Fiscal cliff: Obama has agreed to raise taxes for the first time in four years
But in a letter to Obama issued Friday night, some Republicans warned of potential legal challenges to the spending deal.
“The president will likely face considerable challenges from his own political opposition,” said House Speaker John Boehner, R-Ohio. Boehner warned that any failure to raise the nation’s debt limit by Dec. 31 would result in a default on the nation’s entire debt obligations and “would increase the likelihood of a default on the entire national debt, with devastating consequences for generations to come.”
Democrats are united in their opposition to the deal, which was reached without Obama’sjarvees.com support. In a statement Wednesday, Boehner said that House members must keep a straight face to avoid giving the nation the government shutdown they are seeking.
“If we start to negotiate something that undermines our national security, and our economy, and our military, then there is no escaping the consequences,” Boehner said. “A failure to raise the debt limit would have serious and unintended consequences for decades to come.”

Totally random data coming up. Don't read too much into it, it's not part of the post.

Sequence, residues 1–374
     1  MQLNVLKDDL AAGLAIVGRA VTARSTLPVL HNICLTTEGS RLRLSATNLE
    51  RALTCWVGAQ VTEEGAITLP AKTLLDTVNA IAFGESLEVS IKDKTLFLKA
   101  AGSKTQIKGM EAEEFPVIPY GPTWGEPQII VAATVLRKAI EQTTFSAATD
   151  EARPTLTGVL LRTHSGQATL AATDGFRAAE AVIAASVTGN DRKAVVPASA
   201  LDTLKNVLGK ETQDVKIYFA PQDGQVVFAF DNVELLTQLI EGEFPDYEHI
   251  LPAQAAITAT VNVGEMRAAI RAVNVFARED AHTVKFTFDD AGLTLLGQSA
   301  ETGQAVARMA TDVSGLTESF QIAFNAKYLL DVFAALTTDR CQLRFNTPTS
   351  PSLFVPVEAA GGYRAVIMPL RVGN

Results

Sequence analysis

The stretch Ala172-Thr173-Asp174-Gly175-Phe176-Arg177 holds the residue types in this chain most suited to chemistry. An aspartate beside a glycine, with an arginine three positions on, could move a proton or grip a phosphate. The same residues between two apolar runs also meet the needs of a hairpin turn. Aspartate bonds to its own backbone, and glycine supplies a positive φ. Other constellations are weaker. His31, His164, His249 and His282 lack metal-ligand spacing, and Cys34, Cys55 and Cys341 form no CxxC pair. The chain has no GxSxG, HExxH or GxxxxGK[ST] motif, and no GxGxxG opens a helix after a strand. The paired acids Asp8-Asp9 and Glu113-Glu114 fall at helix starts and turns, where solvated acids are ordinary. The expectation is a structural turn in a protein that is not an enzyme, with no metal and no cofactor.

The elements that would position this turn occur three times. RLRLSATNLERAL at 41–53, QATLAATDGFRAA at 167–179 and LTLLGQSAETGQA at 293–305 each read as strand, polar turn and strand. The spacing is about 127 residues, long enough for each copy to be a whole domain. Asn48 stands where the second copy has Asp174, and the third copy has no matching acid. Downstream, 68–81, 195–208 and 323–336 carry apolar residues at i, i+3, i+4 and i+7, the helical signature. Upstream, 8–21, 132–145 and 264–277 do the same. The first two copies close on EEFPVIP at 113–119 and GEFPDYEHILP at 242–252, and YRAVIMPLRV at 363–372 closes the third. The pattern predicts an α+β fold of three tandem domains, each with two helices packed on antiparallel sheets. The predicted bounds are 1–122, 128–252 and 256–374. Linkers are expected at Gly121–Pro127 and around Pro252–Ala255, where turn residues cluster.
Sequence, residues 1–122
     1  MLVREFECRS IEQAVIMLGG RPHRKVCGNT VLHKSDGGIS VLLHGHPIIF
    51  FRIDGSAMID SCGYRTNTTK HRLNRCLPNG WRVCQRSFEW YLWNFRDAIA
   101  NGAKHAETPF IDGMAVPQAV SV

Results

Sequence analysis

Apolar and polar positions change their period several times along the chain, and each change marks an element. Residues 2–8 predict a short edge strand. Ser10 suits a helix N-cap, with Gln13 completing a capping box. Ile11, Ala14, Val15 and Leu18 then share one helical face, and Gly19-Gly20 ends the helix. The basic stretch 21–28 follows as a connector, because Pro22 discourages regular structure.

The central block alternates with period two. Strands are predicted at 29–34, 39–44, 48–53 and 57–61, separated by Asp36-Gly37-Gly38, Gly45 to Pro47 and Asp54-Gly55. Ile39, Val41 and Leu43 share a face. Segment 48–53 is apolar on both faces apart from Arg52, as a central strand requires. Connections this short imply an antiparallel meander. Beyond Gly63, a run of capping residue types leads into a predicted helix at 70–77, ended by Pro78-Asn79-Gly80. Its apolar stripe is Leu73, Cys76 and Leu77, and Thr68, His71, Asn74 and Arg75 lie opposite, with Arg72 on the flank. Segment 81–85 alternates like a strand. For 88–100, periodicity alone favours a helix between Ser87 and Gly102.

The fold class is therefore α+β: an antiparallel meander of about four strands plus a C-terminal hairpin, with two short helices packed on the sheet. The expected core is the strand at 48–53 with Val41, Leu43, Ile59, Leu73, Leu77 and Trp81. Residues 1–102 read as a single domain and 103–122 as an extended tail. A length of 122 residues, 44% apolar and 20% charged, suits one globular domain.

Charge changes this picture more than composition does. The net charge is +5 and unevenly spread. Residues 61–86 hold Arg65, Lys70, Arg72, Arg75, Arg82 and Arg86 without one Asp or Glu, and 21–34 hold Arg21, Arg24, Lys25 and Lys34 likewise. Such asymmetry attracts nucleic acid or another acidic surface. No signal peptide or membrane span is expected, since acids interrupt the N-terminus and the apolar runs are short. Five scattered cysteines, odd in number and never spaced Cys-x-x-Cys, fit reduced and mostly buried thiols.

Republican critics are certain the tax measure, which had been one of the top priorities of Obama and the House GOP leadership, has been on their minds for months. Republicans made their opposition to the deal public on Tuesday after the president told House Republicans they’d have to meet with them to hammer out a deal to raise the nation’s debt limit.
Republicans have vowed to block any additional funding for the State Department in this budget year — something Obama has not proposed — and have wjarvees.comarned that any debt ceiling increase would be devastating for the economy. Democrats are pushing Congress to pay a one-time, auto더킹카지노matic 2 percent payroll tax cut.
“This is a significant step forward for our country that will raise more than $250 billion over the next decade,” House Minority Whip Steny Hoyer, D-Md., said in a statement Friday. “The president’s budget would hurt the economy and the middle class, and it’s now up to us to try to deliver for American families.”
With no Democratic votes this session, House Democrats are hoping for something from the tax package in early December. Republicans in the Senate are largely silent.
“We want to make sure we can get the tax bill through the Senate. That doesn’t mean that we’re going to have the tax bill be voted on before Christmas, but we’ll still get it up in the new year,” Sen. John Thune, R-S.D., told CNN Thursday